Information on the incidence structure is displayed in the following manner. Remember from section Binary representation of incidences that any face ϕ can be assigned a bit pattern Bv(ϕ) encoding which vertices lie on ϕ and a bit pattern Bf(ϕ) encoding to which facets ϕ belongs. " poly.x -i" displays both types of bit patterns as binary numbers for all faces of P, with ` v[i]:' starting a line of Bv's corresponding to i-faces and ` f[j]:' starting a line of Bf's corresponding to j-faces. Bit patterns at the same positions in the `v[i]:' and `f[i]:' lines correspond to the same i-faces. The orders of faces within the lines are a consequence of the way PALP computes them; they conform to other output of other options in the case of i = n − 1 (facets) but not for i = 0 (vertices).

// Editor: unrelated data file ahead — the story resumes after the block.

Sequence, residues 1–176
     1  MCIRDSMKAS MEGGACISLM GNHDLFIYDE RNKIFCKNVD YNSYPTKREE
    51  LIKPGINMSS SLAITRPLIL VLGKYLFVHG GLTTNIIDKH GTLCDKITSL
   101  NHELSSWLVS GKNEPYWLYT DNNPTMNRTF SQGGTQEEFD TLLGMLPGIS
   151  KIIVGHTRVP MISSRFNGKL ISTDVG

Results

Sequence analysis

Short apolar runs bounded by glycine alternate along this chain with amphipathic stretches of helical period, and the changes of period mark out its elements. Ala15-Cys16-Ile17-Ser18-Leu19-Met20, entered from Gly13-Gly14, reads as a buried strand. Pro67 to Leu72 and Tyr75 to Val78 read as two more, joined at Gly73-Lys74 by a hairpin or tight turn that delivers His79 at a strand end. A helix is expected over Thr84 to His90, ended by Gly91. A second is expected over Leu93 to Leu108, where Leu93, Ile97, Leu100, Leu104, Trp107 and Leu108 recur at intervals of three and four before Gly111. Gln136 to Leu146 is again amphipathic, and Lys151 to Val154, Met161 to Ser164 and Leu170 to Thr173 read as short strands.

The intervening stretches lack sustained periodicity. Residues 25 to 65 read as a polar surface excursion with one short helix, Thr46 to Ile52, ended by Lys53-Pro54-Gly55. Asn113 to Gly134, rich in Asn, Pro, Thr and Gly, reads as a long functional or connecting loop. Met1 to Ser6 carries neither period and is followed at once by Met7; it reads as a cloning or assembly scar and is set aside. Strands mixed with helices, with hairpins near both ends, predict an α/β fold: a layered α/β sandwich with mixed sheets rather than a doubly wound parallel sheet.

This option refers to a property of (combined) weight systems that was considered in the early stages of the classification program hep-th/9512204. In the higher dimensional embedding defined by a weight system, the polytope is bounded by the inequalities X_i\ge -1. We say that the polytope has the span property if the pullbacks of the equations Xi = − 1 to the subspace carrying the polytope are spanned by vertices of the polytope, i.e. if these equations correspond to facets. With `-s' a message is given if the (combined) weight systems does not have this property (try, for example, the weight system `8 3 3 2').


There is a message if the polytope does not have the origin of the coordinate system in its interior.